The case gradually faded from the headlines. Over the years, dozens of women stepped forward and claimed to be Catherine. In one case, ten years after the disappearance, Mrs. Clyde Taylor of Middleport, Ohio, visited local newspapers and purported to be the long-lost child. She’d visited a fortune-teller, she said, who told her that she had “gone by many names.” This simple statement released a torrent of memories which caused the housewife to think she may have been Catherine. Dr. Winters quickly disabused her of that notion when he saw her photograph.

Dr. Winters continued searching throughout the years. He did, in fact, locate a kidnapped girl, but she wasn’t Catherine. A young girl had been abducted in Louisiana and taken to Ohio by an ex-convict. She was reunited with her parents and the ex-con arrested.

What happened to Catherine Winters? Did her parents murder her, hide her body, and try to throw off investigators by their claims that they thought gypsies had taken her? That was PI Abel’s unlikely theory.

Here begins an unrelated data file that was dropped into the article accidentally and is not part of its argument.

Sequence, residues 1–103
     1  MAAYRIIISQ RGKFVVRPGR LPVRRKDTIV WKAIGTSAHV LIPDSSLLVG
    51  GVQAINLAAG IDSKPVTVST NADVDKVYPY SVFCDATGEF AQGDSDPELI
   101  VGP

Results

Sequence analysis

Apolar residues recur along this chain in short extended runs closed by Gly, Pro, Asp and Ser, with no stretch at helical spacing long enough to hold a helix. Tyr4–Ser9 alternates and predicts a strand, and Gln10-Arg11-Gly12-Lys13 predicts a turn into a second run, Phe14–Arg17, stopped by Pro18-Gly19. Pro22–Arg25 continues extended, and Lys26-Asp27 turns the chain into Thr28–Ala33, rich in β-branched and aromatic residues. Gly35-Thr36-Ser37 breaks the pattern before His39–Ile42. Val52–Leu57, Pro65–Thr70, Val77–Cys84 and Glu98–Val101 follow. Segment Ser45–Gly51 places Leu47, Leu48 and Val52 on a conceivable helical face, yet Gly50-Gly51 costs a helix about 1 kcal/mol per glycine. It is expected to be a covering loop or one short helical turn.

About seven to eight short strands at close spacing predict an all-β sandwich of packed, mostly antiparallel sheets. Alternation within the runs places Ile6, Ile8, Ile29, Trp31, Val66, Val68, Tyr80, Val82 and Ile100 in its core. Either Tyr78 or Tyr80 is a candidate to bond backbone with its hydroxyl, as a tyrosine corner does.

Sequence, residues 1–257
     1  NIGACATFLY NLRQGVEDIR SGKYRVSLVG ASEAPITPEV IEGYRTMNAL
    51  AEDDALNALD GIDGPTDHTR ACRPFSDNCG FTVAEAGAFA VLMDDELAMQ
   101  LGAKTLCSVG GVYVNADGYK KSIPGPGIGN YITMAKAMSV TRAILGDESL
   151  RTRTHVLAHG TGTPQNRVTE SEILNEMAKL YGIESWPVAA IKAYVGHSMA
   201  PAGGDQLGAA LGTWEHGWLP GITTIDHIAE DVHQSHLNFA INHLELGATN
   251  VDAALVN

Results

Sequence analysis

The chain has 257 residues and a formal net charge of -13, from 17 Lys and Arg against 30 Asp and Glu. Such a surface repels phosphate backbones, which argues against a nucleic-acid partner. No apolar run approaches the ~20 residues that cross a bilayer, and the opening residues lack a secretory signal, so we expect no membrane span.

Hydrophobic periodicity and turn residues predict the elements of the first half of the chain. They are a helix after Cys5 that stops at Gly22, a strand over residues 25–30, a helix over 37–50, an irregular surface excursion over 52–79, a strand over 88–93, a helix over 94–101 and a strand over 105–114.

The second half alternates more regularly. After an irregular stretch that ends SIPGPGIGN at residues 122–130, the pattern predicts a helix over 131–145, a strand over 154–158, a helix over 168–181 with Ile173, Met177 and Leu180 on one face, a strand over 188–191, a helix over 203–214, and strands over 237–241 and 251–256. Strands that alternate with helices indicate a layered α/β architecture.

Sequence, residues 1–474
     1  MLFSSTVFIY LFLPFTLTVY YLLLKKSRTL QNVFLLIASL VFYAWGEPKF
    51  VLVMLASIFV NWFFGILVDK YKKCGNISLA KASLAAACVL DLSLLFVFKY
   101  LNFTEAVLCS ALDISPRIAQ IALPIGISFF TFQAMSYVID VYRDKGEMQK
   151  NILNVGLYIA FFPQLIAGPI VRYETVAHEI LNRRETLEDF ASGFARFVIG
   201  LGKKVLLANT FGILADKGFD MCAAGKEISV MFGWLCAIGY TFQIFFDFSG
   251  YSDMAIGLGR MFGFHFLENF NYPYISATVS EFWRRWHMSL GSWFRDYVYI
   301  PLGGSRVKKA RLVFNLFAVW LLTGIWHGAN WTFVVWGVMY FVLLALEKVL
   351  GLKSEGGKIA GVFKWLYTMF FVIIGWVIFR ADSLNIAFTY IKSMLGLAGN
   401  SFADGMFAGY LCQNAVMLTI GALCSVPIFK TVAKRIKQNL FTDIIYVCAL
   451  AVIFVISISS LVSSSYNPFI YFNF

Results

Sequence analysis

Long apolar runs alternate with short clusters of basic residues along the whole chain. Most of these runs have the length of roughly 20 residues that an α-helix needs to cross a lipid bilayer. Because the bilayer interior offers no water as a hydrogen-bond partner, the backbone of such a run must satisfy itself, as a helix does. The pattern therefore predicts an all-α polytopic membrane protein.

Did wandering gypsies take her? (Gypsies were always suspected in missing persons cases although there are only a handful of documented cases where they actually abducted someone in America.)

Did Catherine wander out of town and die accidentally? If so, why wasn’t she found?

Or was she taken by a sexual deviant? This seems to have never been explored.

Dr. Winters died in 1940, having spent all of his money searching for his daughter. Byrd Winters died in 1953. According to a local newspaper, she had often complained about her husband “touring the vaudeville circuits with enlarged pictures of the girl” while neglecting his business.

On that cold day in 1940, as Dr. Winters gasped out his final breaths, he turned to his wife and said, “Now I’ll find out what happened to Catherine.”


Unknown said...

Thanks for this post. This is a very interesting mystery. There is another Catherine Winters story and videos, along with other media, at

Unknown said...

this is a very interesting mystery . but i would like to know what happened to this young girl . thank you for the blog .it was very intersting .better than almost al the others i have read tnank you for the facts

kimberly prince said...

my hometown is new castle, indiana... i've never heard of this very sad, tragic case...gosh, i loved my town growing up... this is so sad... was this ever solved?

Robert A. Waters said...